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Patching up the Heart with Human Umbilical Cord Stem Cells



Review of “Post-infarction Functional Recovery Driven by a Three-Dimensional Engineered Fibrin Patch Composed of Human Umbilical Cord Blood-Derived Mesenchymal Stem Cells” from Stem Cells Translational Medicine by Stuart P. Atkinson

The repair and regeneration of the damaged heart via the direct injection of cells with regenerative potential into the myocardium has met with some success but is generally limited by low cell survival. The construction of scaffolds or patches which combine cells with biological/synthetic materials and supporting factors has boosted cell survival [1, 2], but now researchers must tackle the problem of low angiogenesis and functional repair in the heart [3-5]. 

In a new study in Stem Cells Translational Medicine, researchers from the laboratory of Antoni Bayes-Genis (Hospital Universitari Germans Trias i Pujol, Barcelona) have assessed the potential of human umbilical cord blood multipotent mesenchymal stem cells (UCB-MSCs) within a three-dimensional (3D) engineered fibrin patch to induce vascular connections and improve cardiac function after myocardial infarction (MI) in mice [6].

The authors of the study first generated a homogenous culture of human UCB-MSCs expressing one fluorescent protein as a reporter of cell number and another reporter under the control of the CD31 promoter to assess vascular differentiation. After mixing with fibrin to form a biodegradable patch, the UCB-MSCs remained viable, with little cell death (Red in Figure A and A’) and with no CD31 expression (Absence of Red in Figure B), and so the authors then placed this fibrin-cell patch over the infarcted area of the myocardium in a mouse model of acute MI. Assessment of fluorescence suggested that MI-derived factors induced early proliferation and differentiation of UCB-MSCs within the patch, although at 3 weeks after implantation only an estimated 3% of cells remained viable.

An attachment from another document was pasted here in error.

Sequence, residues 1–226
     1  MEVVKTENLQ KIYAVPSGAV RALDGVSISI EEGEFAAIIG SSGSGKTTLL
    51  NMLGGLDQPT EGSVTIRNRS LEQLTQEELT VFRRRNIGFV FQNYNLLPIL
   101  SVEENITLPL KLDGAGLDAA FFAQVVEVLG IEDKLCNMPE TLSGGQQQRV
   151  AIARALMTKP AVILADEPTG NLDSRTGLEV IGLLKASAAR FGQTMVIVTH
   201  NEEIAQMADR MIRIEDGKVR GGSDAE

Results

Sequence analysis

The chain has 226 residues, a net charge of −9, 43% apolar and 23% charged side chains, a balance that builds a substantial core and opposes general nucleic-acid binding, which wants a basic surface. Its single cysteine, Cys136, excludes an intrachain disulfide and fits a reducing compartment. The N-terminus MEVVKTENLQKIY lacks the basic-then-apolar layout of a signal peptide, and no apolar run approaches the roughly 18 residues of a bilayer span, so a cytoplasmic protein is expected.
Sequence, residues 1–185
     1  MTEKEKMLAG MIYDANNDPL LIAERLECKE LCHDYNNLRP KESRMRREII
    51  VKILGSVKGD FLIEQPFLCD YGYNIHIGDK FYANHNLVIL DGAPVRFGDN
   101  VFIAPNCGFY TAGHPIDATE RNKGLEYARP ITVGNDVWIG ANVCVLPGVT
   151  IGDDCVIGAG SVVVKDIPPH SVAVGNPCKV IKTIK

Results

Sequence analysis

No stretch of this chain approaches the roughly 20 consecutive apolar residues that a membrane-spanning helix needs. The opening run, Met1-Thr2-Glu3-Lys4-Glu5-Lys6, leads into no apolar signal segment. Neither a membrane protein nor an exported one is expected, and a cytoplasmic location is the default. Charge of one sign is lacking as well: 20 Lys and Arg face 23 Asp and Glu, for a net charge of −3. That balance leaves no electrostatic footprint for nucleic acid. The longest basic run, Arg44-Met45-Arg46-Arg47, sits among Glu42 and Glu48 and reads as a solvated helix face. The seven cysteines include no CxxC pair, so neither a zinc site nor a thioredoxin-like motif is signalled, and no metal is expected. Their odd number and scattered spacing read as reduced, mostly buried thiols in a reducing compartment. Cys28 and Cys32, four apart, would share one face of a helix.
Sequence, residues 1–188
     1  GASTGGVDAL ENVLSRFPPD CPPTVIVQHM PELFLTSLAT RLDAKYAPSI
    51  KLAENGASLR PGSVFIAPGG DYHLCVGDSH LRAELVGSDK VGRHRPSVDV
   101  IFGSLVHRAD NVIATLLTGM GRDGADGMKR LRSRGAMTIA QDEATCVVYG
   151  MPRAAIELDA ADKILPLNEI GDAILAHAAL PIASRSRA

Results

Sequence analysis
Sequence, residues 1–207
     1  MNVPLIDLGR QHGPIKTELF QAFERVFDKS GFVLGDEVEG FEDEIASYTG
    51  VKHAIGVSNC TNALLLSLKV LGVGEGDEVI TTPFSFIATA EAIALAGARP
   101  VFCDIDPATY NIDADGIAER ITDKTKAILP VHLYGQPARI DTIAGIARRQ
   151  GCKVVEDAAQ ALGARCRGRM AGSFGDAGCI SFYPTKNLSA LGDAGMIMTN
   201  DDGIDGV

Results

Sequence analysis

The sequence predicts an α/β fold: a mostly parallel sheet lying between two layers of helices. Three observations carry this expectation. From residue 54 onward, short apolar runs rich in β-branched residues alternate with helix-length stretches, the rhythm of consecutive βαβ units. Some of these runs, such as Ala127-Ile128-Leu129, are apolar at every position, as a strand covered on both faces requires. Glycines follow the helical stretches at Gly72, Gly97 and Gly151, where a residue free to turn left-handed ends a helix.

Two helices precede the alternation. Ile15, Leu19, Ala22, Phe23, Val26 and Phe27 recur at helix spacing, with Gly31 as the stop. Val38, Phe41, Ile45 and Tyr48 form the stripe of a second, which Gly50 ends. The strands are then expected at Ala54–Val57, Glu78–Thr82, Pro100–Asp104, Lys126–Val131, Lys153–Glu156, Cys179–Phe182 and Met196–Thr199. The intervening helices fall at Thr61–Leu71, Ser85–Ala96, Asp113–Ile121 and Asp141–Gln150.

Histological analysis found that patches adhered well to the mouse myocardium, and while no cells migrated into the myocardium, there was evidence of graft-derived CD31+ cells with an endothelial cell morphology which formed vessel-like structures within the patch itself. Morphometric analyses found no significant improvements in left ventricle scar thickness and volume, although the authors did see a significant improvement in cardiac function parameters (left ventricle ejection fraction (LVEF) and fractional shortening (FS)).

Overall, the engineered human UCB-MSCs-fibrin patch here described allows for improved cell viability and maintenance after transplant over a time period which allows for improved cardiac function following experimental MI. While the exact mechanisms which allowed for this improvement are not described, it is likely that the enhanced cell survival time allows for an extended paracrine effect through the release of cell protective factors. Therefore, the use of fibrin as a “glue” to fasten cells to the heart represents a viable option with advantages over other transplantation techniques, such as myocardial injection.


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  6. Roura S, Soler-Botija C, Bago JR, et al. Postinfarction Functional Recovery Driven by a Three-Dimensional Engineered Fibrin Patch Composed of Human Umbilical Cord Blood-Derived Mesenchymal Stem Cells. Stem Cells Transl Med 2015;4:956-966.